Matthew 19:14: “Jesus said, ‘Let the little children come to me, and do not hinder them, for the kingdom of heaven belongs to such as these.’”

Children are relentlessly human and live entirely in the moment. When they are hungry, they are hungry. When they play, they play. They are affectionate, they can be quite blunt, they are impressionable, and they quickly adapt to changes. They effortlessly learn, they pick up their mother tongue within a few years, and they believe in fairy tales. They are curious, test boundaries, and get dirty – a noisy ball of energy, as active as the days are long. To their parents’ delight they eventually get tired and fall asleep only to wake up in the morning and do it all over again.

To study children is to study humanity. When God created us, He created us as children first and adults second. I venture to say that our adulthood suffers when we didn’t have much of a childhood. I also believe that we experience a more successful adulthood when we stay in touch with our inner child.

Growing up and dealing with our responsibilities, there’s one thing that doesn’t change: we will always be sons and daughters. Even with our parents long gone, we are who we are thanks to our roots.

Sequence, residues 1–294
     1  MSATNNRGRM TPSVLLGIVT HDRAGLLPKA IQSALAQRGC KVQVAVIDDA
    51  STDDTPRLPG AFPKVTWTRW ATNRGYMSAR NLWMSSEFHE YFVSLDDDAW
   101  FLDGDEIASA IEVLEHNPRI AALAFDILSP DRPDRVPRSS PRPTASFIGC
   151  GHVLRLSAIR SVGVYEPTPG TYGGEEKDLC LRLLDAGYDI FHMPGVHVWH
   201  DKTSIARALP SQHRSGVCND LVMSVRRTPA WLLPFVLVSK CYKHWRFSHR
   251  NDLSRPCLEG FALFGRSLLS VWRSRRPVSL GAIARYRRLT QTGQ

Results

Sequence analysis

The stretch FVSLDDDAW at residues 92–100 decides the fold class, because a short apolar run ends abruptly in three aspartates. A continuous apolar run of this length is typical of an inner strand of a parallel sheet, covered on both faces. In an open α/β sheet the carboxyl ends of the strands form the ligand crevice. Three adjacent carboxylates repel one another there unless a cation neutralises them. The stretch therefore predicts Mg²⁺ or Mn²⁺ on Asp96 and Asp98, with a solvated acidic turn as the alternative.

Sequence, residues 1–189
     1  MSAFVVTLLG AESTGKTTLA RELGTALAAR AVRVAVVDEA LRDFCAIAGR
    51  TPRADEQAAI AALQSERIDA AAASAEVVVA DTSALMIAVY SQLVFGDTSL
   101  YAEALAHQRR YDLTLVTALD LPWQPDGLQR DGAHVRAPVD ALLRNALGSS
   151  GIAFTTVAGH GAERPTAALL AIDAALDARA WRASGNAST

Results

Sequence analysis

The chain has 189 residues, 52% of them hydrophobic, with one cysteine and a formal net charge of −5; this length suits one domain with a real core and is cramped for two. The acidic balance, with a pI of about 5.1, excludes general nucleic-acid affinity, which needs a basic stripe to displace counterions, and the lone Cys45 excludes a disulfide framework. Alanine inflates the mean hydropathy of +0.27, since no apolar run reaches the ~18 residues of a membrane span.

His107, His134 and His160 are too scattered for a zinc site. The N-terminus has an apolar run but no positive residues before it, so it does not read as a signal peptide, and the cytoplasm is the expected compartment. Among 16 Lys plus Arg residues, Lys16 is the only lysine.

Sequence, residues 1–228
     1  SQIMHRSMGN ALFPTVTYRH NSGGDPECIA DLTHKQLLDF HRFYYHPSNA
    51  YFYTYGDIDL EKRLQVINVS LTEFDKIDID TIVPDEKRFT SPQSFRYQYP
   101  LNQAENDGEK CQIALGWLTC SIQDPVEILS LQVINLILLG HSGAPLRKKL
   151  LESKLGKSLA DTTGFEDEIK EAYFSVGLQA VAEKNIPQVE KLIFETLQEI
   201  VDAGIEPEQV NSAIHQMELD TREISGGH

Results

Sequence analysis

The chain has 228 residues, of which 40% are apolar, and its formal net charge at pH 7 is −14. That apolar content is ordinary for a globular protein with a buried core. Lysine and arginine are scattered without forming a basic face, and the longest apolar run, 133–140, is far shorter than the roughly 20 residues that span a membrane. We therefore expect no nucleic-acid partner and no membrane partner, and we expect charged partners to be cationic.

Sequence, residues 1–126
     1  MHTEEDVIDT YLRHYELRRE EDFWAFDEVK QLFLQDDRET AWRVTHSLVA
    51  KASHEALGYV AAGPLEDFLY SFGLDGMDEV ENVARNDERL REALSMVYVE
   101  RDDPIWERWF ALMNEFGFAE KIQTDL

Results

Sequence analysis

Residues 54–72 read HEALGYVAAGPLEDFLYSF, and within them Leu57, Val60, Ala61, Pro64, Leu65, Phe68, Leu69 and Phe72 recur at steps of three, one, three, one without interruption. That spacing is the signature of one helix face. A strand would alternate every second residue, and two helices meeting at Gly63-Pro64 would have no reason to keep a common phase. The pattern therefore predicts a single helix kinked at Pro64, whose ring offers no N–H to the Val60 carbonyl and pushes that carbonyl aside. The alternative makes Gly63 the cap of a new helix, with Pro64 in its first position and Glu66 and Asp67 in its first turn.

Estranged from God as we may be, we still come from Him. At the end of the day we are all rooted in the Creator of the universe. God fathered us. We are the result of His genius. It was His idea to create not only human beings, but an amazing array of astounding species that fills the universe today. What we see on Earth is just the tip of the iceberg.

Jesus says not to hinder the children to come to Him. Why? He goes on to say: the kingdom of heaven belongs to them. Faith is not complicated. We essentially accept what the Holy Spirit whispers in our heart, and we go for it. Embracing Jesus like a child would, we can rest assured that the kingdom of heaven is ours.

Matthew 16:15-16: “But what about you?” he asked. “Who do you say I am?” Simon Peter answered, “You are the Messiah. You are the Son of the living God.”

Broaching this topic with His closest friends, Jesus asks “Who am I?” while they were traveling to the area of Caesarea, an ancient port on the Mediterranean coast of present-day Israel south of Haifa. He prefaces His question by asking His disciples what others think about Him, and the answers are quite diverse: Some saw in Him His cousin John, the Baptist. Others said about Jesus that He had to be a resurrected prophet of old, like Elijah or Jeremiah.

Identifying who Jesus is remains a controversial topic today. Who is He? Have you asked this question lately? I believe only the Spirit of God can provide the accurate answer. And inspired by the Holy Spirit Simon Peter rose to the occasion and declared (Matthew 16:16):

“You are the Messiah. You are the Son of the living God”.

Peter’s enthusiasm was palpable. He also emphatically spoke up when Jesus and His disciples had their Last Supper together. After the Lord broke the news to them that He was going to be apprehended by the Roman authorities to be executed, Peter said (Luke 22:33):